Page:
Thursday, February 22, 2007

Was TE Lawrence a Zionist?

That's the claim the historian Sir Martin Gilbert makes in an interview in the Jerusalem Post today. He says that Lawrence had "a sort of contempt for the Arabs" and that he believed that it was "only with a Jewish presence and state would the Arabs ever make anything of themselves."

I wonder. Lawrence's strenuous efforts to champion the Arab cause hardly suggest contempt, and this should not be confused with the increasing exasperation he felt towards them by 1918, which was sparked by the unruly behaviour of the Bedu tribesmen. They were, he admitted at a low point, "the most ghastly material to build into a design."

Lawrence's interest in the Zionists arose from a meeting he had in Cairo in August 1917. There he met Aaron Aaronsohn, a farmer-turned-spy and Zionist who told Lawrence that his plan was for the Jews to buy up the land from Gaza to Haifa and ‘have practical autonomy therein’. On his travels in the region before the war Lawrence had thought that Jewish cultivation of the land would be a good thing. But now his reaction left Aaronsohn with the impression that he was ‘a Prussian anti-Semite talking English’.

By the summer of 1917, a Zionist Commission, headed by Chaim Weizmann, had been allowed to go to Egypt to pave the way for post-war Jewish immigration assuming the British invasion of Palestine was successful. In the background the British Prime Minister, David Lloyd George, believed that the Jews might be able to offer more assistance to the British than the Arabs. Appearing to help the Zionists would also camouflage Lloyd George's rather more imperialist ambitions in the region. But the British in Cairo had at that stage been given no instructions as to how to deal with the Zionist delegation, and this helps explain Lawrence's surprise and response when he heard the Zionists' plans at first hand.

A few weeks later Lawrence wrote to Sir Mark Sykes, the British politician who advised the Cabinet on the Middle East. In this letter (which Sykes never in fact received) Lawrence distinguished sharply between what he called "the Arab Jews" and the "colonist Jews (called Zionists sometimes)". The former spoke Arabic, the latter Yiddish. He asked Sykes: What have you promised the Zionists and what is their programme?’ Was the acquisition of land by the Jews, Lawrence asked, ‘to be by fair purchase or by forced sale and appropriation’? And, given that the Jews rarely employed Arabs on their farms, Lawrence wondered whether ‘the Jews propose the complete expulsion of the Arab peasantry, or their reduction to a day-labourer class’. He predicted trouble if in the future Arab states surrounded a Jewish state built on the lines Aaronsohn had laid out. He foresaw "a situation arising in which the Jewish influence in European finance might not be sufficient to deter the Arab peasants from refusing to quit - or worse!"

Lawrence's wartime ally Feisal initially took a rather more relaxed attitude towards the Zionists. At British instigation he met Weizmann north of Aqaba on 4 June 1918. Lawrence was not present at the meeting. There Feisal said that it was important that the Jews and Arabs cooperated, but he said that he was acting as his father’s agent and was unable to discuss the settlement of Palestine in detail, at least not until Arab affairs were ‘more consolidated’.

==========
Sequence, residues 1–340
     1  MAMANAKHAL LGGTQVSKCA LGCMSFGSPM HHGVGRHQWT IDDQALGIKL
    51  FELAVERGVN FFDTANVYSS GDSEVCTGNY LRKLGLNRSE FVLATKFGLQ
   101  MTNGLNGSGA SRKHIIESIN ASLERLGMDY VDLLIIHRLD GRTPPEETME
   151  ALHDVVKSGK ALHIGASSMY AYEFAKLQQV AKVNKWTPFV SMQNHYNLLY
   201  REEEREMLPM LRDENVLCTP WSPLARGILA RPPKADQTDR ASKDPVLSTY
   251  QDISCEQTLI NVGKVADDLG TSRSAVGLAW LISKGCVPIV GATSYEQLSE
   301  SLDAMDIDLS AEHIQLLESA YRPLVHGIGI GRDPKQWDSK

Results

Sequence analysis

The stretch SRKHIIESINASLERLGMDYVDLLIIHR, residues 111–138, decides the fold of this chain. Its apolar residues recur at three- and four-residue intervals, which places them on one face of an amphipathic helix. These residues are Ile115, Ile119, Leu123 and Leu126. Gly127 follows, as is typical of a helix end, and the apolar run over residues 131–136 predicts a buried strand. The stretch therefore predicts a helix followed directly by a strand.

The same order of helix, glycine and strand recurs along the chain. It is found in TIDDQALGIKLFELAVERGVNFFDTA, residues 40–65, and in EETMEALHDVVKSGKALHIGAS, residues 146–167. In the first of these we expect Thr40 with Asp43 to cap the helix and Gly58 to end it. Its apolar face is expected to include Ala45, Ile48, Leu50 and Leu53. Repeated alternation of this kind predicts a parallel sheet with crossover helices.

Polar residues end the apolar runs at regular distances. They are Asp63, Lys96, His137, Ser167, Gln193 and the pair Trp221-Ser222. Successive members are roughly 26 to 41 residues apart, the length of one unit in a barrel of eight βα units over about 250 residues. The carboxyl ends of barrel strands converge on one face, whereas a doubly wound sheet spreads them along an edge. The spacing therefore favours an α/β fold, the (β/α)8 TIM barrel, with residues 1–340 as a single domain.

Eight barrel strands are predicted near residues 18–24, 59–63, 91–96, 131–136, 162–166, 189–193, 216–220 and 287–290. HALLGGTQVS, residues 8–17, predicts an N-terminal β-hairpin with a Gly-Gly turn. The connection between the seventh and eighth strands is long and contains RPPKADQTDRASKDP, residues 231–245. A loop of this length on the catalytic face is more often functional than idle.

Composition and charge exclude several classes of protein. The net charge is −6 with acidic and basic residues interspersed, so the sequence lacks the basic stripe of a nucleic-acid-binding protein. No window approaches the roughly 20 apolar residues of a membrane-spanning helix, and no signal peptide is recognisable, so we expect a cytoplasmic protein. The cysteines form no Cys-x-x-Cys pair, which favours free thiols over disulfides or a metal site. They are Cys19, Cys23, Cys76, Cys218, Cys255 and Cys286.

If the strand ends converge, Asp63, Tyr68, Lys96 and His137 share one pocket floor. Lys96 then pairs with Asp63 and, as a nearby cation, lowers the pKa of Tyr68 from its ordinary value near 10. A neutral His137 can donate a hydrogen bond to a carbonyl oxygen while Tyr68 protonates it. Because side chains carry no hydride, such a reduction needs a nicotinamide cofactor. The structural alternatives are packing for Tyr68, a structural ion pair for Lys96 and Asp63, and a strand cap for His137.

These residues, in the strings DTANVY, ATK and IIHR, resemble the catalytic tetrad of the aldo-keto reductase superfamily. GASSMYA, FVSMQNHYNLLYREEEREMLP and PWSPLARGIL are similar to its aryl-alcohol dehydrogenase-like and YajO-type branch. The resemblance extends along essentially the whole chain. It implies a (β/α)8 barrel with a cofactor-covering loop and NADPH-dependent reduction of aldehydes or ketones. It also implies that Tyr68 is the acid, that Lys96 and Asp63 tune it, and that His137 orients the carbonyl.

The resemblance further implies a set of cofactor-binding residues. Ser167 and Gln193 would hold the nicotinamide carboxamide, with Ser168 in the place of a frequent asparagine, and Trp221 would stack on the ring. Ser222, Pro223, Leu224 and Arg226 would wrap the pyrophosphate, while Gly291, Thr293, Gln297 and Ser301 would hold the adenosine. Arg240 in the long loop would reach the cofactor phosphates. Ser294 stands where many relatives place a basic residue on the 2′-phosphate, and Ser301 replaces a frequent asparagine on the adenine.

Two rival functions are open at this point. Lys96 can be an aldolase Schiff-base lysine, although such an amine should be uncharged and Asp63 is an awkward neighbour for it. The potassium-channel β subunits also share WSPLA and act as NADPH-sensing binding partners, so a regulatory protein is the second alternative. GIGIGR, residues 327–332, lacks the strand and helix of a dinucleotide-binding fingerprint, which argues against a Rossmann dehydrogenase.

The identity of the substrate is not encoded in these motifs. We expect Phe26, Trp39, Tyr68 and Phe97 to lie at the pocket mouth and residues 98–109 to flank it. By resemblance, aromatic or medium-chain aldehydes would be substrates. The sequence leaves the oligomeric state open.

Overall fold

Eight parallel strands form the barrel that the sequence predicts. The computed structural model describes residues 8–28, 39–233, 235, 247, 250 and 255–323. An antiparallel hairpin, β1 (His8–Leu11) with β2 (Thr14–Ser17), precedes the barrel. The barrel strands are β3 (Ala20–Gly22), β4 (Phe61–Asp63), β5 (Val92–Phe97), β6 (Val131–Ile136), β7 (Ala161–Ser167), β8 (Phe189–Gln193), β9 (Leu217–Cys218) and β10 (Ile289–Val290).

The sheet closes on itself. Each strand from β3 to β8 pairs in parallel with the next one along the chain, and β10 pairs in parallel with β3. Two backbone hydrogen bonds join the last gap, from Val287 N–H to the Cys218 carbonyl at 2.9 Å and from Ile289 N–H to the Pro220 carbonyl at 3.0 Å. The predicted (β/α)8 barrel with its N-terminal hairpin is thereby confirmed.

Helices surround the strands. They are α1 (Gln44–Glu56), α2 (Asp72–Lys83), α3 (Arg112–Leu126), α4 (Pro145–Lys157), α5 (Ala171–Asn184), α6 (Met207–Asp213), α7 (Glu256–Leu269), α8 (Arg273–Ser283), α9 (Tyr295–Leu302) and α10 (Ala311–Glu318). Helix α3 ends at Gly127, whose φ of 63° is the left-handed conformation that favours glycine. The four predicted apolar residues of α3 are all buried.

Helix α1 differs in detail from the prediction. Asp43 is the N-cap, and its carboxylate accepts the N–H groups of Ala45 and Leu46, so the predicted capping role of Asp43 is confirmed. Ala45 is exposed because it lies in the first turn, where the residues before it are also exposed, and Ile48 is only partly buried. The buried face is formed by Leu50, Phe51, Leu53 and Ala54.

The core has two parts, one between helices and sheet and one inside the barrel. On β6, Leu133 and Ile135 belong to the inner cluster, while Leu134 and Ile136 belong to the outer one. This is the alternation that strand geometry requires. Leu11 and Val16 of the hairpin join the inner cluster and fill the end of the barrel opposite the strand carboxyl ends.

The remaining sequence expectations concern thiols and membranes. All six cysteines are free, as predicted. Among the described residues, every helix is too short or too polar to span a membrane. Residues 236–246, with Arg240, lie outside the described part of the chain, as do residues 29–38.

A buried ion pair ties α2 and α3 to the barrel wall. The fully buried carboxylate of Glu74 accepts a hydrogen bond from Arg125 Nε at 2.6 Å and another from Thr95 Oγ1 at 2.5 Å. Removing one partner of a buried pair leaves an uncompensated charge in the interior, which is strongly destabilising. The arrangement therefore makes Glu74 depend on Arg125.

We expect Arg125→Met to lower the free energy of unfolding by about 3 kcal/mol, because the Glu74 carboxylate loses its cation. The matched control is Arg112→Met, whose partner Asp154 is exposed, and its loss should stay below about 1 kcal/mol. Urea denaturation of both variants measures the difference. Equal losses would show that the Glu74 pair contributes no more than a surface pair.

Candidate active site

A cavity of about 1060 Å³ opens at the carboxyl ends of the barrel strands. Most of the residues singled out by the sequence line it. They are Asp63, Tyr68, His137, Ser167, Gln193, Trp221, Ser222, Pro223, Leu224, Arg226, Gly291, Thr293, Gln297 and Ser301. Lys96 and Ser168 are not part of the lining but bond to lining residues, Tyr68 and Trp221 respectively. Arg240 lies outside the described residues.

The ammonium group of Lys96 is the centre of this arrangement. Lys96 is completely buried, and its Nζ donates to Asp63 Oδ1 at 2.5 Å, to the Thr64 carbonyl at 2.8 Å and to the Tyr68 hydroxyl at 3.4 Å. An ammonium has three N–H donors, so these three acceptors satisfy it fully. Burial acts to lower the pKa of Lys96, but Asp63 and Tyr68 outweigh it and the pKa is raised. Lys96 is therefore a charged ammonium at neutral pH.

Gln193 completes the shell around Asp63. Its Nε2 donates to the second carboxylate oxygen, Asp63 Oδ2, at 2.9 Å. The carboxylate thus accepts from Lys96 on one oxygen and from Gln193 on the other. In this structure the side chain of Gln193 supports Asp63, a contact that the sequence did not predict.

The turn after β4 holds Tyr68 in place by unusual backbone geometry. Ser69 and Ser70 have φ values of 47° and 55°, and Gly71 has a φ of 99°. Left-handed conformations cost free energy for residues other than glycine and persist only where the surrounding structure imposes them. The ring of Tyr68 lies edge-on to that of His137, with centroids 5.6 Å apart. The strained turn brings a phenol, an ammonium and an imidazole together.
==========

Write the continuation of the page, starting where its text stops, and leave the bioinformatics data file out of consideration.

Feisal's attitude changed with time. At the Peace Conference in 1919, Lawrence presented a memorandum written by Feisal who was increasingly concerned about the Zionists, who were talking increasingly boldly about their hopes. The two men worked closely together, with Lawrence acting as adviser and interpreter. Of Feisal Lawrence once wrote "I usually like to make up my mind before he does". So it is likely that the memorandum also represented Lawrence's view. "If the views of the radical Zionists ... should prevail," it stated, "the result will be ferment, chronic unrest, and sooner or later civil war in Palestine." The memorandum made the same distinction that Lawrence had in his letter to Sykes: "with the Jews who have been seated for some generations in Palestine our relations are excellent. But the new arrivals exhibit very different qualities from those 'old settlers' as we call them, with whom we have been able to live and even co-operate on friendly terms. For want of a better word I must say that new colonists almost without exception have come in an imperialistic spirit. They say that ... under the new world order we must clear out; and if we are wise we should do so peaceably without making any resistance to what is the fiat of the civilised world."

The similarity of distinction between Lawrence's earlier letter and this memorandum seems to suggest that Lawrence took the view that Jewish immigration, which was the natural consequence of Zionism, would destabilise the region. Certainly he hoped for peaceful relations with the Jews who already lived in Palestine. He even believed that the Arabs would "support as far as they can, Jewish infiltration". But calling him a Zionist seems far-fetched.

Anyway, it will be interesting to see where Gilbert gets this idea from. His book, Churchill and the Jews, comes out in June.

1 comment:

Ray Cooper said...

That was a very interesting article. Thank you. The distinction between the arabic speaking jews and the European Jews is still an sensitive issue. Al Jazeera published recent research into the kidnapping of Jewish Yemeni babies from Israeli hospitals who were then given up for adoption to 'western' Jews.
I must look out for your book 'A Line In The Sand'. I am a songwriter and have a song with that title. I always thought the quote came from George Bush, then I found out it was from the new testament.
Yours, Ray Cooper